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The secret prisons in which individuals were held and tortured by the CIA and its counterterrorism allies did not exist in isolation from one another. Rather, they formed part of a global network of detention facilities, connected to one another through hundreds of ‘rendition flights’ by civilian aircraft, operated by or on behalf of the CIA. These aircraft were used to transfer prisoners, interrogators and other US officials between prisons, in flights undertaken without public acknowledgement and entailing multiple violations of international law.

Identifying the aircraft involved in the RDI programme, and tracking their movements through the collection of flight data, has been crucial to establishing the connections between prison sites, to mapping the evolution of the programme over time, and to revealing the fate and whereabouts of those held within the programme.

The Rendition Project has worked with a number of organisations to compile the world's largest public database of aircraft and companies associated with the RDI programme, and to track the movement of CIA aircraft as they travelled between secret prisons. The Flight Database currently contains flight data on over 120 US-registered civilian aircraft, as well as some military flights into Guantánamo Bay. In total, the current version of the database contains over 11,000 individual flights, many of which have been logged by more than one source of data. Of particular importance have been the results of a Freedom of Information project by Access Info Europe and Reprieve, that has unearthed significant new flight data on renditions aircraft. This has not been integrated before now, and sits in our Database alongside data from Eurocontrol, Council of Europe and European Parliament investigations, and a range of other sources. As the project develops, new data will be integrated as it is released into the public domain.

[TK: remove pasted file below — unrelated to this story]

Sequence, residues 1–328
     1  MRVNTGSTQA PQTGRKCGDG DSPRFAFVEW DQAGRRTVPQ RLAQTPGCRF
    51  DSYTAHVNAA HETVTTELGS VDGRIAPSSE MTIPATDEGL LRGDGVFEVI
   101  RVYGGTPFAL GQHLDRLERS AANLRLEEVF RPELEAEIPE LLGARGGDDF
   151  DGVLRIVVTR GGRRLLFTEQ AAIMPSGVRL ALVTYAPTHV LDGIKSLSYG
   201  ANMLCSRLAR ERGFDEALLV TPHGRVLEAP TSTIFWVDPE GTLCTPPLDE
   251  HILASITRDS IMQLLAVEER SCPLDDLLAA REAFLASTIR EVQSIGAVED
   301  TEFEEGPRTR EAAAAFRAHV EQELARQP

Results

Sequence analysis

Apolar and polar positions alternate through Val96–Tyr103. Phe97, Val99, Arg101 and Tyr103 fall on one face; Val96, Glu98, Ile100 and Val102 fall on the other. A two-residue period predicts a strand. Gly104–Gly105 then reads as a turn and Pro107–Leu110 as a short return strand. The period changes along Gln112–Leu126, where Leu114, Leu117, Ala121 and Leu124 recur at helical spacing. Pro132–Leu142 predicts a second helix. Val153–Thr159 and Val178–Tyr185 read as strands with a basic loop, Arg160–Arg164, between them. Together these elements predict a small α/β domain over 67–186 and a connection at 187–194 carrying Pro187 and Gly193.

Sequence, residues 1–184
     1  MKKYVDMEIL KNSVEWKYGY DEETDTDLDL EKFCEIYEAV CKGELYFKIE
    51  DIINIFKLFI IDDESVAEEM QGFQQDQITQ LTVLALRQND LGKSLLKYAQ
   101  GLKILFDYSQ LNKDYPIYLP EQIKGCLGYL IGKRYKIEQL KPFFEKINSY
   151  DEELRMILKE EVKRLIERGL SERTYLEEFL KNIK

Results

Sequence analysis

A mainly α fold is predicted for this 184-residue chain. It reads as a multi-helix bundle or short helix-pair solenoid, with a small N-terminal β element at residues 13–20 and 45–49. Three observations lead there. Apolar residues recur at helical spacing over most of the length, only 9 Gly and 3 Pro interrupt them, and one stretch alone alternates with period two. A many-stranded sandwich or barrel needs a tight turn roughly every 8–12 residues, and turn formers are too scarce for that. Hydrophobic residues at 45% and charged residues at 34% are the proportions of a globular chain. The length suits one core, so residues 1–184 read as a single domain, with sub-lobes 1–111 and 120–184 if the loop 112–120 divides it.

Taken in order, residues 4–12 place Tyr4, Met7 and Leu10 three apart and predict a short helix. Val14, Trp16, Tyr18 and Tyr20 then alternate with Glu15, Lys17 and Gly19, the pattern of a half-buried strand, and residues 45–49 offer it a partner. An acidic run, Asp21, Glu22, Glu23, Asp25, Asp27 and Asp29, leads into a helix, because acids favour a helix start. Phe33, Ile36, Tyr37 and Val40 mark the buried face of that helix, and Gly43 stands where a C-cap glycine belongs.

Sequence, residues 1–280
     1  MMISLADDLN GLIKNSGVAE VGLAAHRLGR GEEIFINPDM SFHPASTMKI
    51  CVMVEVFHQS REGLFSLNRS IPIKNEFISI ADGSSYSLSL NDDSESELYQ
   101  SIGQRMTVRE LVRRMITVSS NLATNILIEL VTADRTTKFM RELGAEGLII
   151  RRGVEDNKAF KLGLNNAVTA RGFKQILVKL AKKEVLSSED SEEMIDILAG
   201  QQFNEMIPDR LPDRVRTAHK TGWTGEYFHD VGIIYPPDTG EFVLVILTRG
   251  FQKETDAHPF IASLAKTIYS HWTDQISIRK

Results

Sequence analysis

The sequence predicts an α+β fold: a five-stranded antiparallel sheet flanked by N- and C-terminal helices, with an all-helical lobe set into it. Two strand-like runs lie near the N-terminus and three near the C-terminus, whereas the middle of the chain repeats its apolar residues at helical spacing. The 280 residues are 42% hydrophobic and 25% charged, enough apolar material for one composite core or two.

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Rendition Research Team - © University of Kent
University of Westminster University of Kent E.S.R.C